EA Games rubbishes Pastebin breach claim
Go ahead and change your password anyway, but not to "correct horse battery staple"
Electronic Arts has poured cold water on claims its users' accounts have been breached.
News surfaced of a possible breach when a database of some 600 login records appeared on web clipboard Pastebin. The records, which included games purchased and personal identity information like birthdates were accurate for at least one gamer.
The gaming giant says an investigation has not uncovered evidence of packet plundering and advises users to maintain regular vigilance of accounts.
It says users should report unauthorised purchases and suspicious account activity within its Origin gamer portal.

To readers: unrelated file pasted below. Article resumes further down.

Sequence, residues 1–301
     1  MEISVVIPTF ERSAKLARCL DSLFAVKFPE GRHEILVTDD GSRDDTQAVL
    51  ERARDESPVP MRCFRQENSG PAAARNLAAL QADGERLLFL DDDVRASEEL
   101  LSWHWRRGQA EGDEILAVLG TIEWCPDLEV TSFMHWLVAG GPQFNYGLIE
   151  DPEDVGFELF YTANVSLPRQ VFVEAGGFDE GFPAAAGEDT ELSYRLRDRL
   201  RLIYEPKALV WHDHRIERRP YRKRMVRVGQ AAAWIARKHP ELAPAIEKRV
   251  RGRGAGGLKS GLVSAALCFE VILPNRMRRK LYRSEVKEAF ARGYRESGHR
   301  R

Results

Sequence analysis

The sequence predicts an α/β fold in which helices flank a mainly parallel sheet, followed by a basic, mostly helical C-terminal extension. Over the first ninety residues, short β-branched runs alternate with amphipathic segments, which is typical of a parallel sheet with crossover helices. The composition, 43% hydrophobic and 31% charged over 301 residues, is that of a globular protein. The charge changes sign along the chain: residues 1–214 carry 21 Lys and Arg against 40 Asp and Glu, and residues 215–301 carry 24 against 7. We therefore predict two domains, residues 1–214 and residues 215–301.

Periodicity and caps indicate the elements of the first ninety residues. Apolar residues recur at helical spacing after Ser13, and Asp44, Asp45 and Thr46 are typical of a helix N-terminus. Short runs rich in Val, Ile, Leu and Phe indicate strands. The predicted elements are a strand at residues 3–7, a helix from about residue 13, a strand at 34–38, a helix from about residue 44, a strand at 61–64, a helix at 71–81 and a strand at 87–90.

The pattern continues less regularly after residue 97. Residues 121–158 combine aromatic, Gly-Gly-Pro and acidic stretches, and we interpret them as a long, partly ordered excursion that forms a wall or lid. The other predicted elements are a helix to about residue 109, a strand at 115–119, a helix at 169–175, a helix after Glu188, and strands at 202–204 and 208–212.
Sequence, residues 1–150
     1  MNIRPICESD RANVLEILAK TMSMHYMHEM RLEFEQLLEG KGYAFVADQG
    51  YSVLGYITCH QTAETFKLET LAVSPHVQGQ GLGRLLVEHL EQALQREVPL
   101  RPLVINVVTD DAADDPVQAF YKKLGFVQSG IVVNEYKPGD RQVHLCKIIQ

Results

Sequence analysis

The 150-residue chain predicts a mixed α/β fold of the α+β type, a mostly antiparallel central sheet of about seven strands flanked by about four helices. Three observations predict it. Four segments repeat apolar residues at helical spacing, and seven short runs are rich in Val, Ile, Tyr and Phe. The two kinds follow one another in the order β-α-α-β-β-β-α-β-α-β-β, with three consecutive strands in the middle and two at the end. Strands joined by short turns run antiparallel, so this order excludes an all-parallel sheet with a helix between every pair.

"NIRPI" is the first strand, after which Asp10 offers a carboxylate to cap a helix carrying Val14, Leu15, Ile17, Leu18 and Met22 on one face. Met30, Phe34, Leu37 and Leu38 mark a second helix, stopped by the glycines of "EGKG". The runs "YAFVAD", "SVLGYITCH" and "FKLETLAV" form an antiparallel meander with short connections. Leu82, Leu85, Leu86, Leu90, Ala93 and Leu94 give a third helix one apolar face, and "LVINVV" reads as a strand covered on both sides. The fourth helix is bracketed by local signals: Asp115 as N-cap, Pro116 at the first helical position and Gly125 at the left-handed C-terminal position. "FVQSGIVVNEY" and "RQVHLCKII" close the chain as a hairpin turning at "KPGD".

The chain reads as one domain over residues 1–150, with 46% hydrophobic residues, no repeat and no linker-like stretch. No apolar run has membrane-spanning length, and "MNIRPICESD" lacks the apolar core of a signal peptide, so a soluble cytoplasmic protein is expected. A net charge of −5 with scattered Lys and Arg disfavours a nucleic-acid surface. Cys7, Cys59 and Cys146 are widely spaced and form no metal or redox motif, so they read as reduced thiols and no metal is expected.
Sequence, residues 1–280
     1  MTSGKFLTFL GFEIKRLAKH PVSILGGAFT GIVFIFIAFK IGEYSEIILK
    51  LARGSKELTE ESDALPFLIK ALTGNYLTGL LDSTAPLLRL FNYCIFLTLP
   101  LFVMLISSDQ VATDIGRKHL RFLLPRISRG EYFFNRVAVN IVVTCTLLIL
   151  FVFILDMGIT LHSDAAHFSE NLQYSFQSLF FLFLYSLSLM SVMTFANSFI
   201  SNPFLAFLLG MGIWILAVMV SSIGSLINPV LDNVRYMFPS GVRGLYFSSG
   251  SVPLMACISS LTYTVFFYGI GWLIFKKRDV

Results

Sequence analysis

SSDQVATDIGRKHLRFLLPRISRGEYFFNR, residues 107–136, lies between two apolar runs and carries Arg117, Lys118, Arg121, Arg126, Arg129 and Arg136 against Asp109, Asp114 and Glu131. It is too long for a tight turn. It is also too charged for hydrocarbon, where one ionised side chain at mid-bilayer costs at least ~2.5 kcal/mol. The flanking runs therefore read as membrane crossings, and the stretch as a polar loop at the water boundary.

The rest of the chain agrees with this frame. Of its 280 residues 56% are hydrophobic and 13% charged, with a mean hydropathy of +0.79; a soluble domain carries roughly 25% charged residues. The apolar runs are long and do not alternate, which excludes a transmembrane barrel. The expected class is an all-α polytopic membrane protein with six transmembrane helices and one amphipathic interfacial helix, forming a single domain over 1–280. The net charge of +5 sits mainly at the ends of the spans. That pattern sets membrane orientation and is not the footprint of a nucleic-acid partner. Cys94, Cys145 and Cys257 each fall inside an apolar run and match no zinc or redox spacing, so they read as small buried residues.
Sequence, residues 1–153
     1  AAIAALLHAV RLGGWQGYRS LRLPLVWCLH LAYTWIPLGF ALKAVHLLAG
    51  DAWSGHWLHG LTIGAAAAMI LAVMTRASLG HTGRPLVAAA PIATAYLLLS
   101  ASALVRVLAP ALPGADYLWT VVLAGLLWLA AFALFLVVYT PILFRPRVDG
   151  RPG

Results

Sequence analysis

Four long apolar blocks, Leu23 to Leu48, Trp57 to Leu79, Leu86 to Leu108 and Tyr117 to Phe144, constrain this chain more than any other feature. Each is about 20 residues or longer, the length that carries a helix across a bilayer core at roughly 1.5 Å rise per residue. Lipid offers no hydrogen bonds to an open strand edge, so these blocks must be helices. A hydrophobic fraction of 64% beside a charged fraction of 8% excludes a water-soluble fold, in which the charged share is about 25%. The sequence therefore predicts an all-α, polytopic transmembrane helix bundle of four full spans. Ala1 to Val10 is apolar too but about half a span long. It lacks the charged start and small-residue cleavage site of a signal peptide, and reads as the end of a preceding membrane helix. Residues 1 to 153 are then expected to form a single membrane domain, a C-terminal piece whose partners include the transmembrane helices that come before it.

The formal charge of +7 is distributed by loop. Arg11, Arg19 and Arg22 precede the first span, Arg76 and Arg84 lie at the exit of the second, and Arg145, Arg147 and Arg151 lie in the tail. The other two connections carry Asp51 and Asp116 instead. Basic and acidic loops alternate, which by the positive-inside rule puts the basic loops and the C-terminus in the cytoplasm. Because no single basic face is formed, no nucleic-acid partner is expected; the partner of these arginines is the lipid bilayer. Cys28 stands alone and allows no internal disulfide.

"We found no indication at this point of a breach of our Origin account database," EA says in a statement.
"We encourage our players to use Origin user ID and passwords that are unique to their account, and to report any activity they feel may be unauthorised to EA customer support at help.ea.com."
Pastebin is at best an unreliable repository and at worst a script kiddie cesspit where dox and data are recombined from previous breaches in a bid to sow fear and inflate hackers' reputations.
Gamers should take the latest round of breach rumours as a reminder to ensure passwords are not repeated on other sites and are not easily guessed. Which means "correct horse battery staple" should be ruled out, among the usual suspects. ®
- Activision Blizzard
- Black Hat
- Common Vulnerability Scoring System
- Cybersecurity and Infrastructure Security Agency
- Cybersecurity Information Sharing Act
- Data Protection
- Data Theft
- Digital certificate
- Epic Games
- Identity Theft
- Kenna Security
- Palo Alto Networks
- Trusted Platform Module
- Video Game Console
- Zero trust